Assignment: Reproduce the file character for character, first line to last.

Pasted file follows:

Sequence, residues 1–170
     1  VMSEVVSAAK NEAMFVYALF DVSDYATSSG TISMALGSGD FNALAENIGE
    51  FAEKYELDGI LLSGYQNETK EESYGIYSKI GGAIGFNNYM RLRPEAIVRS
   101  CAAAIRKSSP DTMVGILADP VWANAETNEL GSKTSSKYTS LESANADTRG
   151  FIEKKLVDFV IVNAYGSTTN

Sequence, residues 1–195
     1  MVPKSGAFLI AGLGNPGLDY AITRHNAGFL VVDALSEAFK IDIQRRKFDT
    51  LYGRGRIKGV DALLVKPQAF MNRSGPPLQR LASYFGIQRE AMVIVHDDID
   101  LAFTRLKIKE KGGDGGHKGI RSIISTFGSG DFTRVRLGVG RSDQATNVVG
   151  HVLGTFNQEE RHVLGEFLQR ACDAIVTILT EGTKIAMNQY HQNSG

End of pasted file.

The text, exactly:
Sequence, residues 1–170
     1  VMSEVVSAAK NEAMFVYALF DVSDYATSSG TISMALGSGD FNALAENIGE
    51  FAEKYELDGI LLSGYQNETK EESYGIYSKI GGAIGFNNYM RLRPEAIVRS
   101  CAAAIRKSSP DTMVGILADP VWANAETNEL GSKTSSKYTS LESANADTRG
   151  FIEKKLVDFV IVNAYGSTTN

Sequence, residues 1–195
     1  MVPKSGAFLI AGLGNPGLDY AITRHNAGFL VVDALSEAFK IDIQRRKFDT
    51  LYGRGRIKGV DALLVKPQAF MNRSGPPLQR LASYFGIQRE AMVIVHDDID
   101  LAFTRLKIKE KGGDGGHKGI RSIISTFGSG DFTRVRLGVG RSDQATNVVG
   151  HVLGTFNQEE RHVLGEFLQR ACDAIVTILT EGTKIAMNQY HQNSG